By Roger Annis, March 13, 2015, from an e-mail to correspondents
The book ‘Travesty in Haiti’ is a highly recommended book. It is the author Tim Schwartz’ observations and analysis of the aid industry in Haiti based on his many years of research and writing in the country. It was published in 2008, two years before the 2010 earthquake.
The author found himself at the center of a storm of controversy in 2011 over a study commissioned by USAID which he was hired to direct. The study was never published by USAID. It was commissioned to study the effectiveness of rubble removal and other post-2010 earthquake projects funded by USAID. The study found that the rubble removal programs were, indeed, effective.
The controversy stemmed from an offshoot of the research team’s work. Because they conducted detailed neighbourhood surveys throughout the earthquake zone in Port au Prince, they were in a position to report in the final report that the estimate of deaths from the earthquake had been greatly exaggerated by all the governments and aid agencies involved. “Official” estimates ranged from 200,000 people to over 300,000 people who died. The Building Assessment and Rubble Removal (BARR) study placed the number at 40,000 to 70,000. The reason its authors were able to quantify the figure was that part of their work in examining the effectiveness of rubble removal programs was to survey residents of affected neighbourhoods. Among the questions the survey asked was, “Who lived here before the earthquake, and where are they now?” The BARR Study was the only scientific survey of earthquake deaths conducted in Haiti. You can read the 2011 BARR study here, and you can read some of the controversy it provoked here.
Unfortunately, Tim Schwartz, who resides in Haiti and was there at the time of the 2010 earthquake, did not write a book on the quake and the aid industry response. In my opinion, a comprehensive book on the subject has yet to be written. Those books on the subject which are listed in the Canada Haiti Action Network list of recommended books are each partial in their own way. The most-publicized of the post-earthquake books, Jonathan Katz’ ‘The Big Truck That Went By’, is far from the best, principally because he studiously avoids any analysis of the imperialist occupation of Haiti dating back to the coup of 2004 and the many years of interference and intervention prior to that. It was this long history of intervention that contributed mightily to making Haiti so vulnerable to the earthquake.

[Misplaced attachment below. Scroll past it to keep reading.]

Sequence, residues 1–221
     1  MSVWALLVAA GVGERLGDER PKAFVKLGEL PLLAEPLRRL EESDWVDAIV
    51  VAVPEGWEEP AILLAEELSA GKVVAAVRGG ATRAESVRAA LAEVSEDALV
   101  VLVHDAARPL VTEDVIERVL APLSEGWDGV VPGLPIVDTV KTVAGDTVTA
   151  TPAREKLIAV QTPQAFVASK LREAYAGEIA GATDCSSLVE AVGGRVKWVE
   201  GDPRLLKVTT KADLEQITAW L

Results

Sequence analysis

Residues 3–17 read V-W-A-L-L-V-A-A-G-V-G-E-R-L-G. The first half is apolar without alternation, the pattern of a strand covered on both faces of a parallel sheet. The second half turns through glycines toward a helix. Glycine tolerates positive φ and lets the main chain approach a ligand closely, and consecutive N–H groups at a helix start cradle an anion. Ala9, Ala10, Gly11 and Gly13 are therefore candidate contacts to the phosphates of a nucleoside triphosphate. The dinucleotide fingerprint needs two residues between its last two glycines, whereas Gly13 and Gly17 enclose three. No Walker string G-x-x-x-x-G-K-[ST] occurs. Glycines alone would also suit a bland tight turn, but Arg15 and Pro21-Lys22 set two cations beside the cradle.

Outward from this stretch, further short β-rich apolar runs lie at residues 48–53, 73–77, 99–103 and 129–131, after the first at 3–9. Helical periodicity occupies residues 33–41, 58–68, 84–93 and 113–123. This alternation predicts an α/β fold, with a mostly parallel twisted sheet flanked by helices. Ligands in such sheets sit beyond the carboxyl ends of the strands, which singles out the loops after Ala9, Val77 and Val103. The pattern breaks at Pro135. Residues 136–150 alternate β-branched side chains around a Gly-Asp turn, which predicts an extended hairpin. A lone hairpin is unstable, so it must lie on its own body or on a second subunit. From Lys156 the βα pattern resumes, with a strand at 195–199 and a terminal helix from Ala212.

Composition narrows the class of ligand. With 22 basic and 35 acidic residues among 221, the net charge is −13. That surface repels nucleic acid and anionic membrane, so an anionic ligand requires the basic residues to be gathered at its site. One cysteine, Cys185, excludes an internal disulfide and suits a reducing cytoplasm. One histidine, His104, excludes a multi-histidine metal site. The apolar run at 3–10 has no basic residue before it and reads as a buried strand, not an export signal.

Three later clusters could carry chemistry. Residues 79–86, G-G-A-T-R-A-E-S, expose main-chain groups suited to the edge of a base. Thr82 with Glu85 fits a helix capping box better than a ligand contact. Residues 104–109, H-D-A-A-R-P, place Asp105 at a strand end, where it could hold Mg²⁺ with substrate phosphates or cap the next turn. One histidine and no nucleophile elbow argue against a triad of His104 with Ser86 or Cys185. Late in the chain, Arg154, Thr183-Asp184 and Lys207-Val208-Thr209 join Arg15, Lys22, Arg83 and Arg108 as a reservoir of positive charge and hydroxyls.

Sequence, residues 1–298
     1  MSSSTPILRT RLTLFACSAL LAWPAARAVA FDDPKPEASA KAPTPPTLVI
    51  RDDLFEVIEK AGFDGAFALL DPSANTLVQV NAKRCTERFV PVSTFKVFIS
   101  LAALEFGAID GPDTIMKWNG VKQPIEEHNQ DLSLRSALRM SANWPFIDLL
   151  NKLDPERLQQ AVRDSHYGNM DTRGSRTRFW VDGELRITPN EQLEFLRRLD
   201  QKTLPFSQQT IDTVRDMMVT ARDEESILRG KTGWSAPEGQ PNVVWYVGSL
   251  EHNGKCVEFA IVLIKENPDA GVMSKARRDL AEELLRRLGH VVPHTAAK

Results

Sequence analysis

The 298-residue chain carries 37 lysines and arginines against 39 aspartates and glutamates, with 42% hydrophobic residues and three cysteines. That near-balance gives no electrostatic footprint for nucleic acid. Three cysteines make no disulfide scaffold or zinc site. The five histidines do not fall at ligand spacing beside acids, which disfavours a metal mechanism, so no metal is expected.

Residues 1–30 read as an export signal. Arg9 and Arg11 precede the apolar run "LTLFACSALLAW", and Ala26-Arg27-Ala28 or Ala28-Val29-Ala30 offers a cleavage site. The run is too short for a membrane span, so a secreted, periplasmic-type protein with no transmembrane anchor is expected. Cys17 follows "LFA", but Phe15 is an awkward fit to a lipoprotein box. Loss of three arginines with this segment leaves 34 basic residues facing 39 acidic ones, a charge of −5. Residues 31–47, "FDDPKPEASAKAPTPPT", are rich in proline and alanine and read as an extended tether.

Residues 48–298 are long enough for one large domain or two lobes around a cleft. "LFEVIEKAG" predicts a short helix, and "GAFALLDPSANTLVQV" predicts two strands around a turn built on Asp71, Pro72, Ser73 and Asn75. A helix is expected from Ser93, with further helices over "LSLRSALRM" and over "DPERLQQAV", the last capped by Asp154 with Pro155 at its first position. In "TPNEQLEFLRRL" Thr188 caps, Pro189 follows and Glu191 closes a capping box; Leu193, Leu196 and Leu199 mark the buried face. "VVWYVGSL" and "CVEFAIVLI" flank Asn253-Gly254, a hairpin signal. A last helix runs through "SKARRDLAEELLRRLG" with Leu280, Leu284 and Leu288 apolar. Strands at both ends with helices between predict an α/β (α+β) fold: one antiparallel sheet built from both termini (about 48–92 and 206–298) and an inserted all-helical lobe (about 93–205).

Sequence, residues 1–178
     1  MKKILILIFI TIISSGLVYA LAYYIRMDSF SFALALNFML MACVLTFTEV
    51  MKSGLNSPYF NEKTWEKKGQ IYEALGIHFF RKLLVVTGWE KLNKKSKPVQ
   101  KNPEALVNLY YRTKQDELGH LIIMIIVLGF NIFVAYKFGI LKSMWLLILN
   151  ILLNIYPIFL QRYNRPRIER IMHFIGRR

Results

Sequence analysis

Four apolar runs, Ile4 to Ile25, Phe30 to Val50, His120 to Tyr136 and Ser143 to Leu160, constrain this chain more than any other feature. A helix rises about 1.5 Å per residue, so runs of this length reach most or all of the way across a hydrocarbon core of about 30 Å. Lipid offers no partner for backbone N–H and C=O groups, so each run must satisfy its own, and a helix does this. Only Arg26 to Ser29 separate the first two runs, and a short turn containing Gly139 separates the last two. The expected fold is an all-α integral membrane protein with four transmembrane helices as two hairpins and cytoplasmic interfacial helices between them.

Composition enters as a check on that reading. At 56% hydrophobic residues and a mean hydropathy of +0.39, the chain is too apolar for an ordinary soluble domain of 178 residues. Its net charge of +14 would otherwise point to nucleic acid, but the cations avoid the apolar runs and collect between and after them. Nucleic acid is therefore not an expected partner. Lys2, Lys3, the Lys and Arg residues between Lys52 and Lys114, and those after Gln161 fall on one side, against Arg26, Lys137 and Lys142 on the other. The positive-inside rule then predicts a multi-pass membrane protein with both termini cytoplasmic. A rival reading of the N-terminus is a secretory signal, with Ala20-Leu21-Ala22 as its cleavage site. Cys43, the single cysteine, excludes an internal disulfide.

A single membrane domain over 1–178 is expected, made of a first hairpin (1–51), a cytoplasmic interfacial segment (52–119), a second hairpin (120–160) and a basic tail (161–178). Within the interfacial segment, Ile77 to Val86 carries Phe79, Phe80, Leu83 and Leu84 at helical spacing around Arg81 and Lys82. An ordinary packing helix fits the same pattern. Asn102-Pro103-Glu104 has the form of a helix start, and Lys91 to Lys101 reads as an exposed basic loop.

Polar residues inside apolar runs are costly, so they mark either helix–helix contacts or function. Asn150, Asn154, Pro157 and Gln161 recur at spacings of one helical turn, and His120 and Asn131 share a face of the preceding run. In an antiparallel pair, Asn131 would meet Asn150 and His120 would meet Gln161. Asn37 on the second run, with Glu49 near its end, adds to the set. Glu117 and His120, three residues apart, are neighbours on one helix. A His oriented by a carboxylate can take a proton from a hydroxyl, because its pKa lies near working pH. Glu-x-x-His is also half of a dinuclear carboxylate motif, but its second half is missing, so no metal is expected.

The best books are Beverly Bell’s ‘Fault Lines’ and Mark Schuler’s ‘Tectonic Shifts’. Laurent Dubois’ ‘Haiti: The Aftershocks of History’ is very good for historically situating Haiti’s perilous condition at the time of the earthquake. Unfortunately he passes over the impact of the harsh, nearly 30-year imperialist intervention in Haiti that has destabilized and weakened the country ever since the overthrow of the Duvalier tyranny in 1986.
Dubois is the author of the masterful history of Haiti’s 1791-1804 anti-slavery rebellion and independence struggle, ‘Avengers of the New World’.
Several recommended essays on the social and political context of the earthquake disaster are co-authored by me:
Haiti’s humanitarian crisis: Rooted in history of military coups and occupations, May 2011
and, Haiti’s promised rebuilding unrealized as Haitians challenge authoritarian rule, January 2015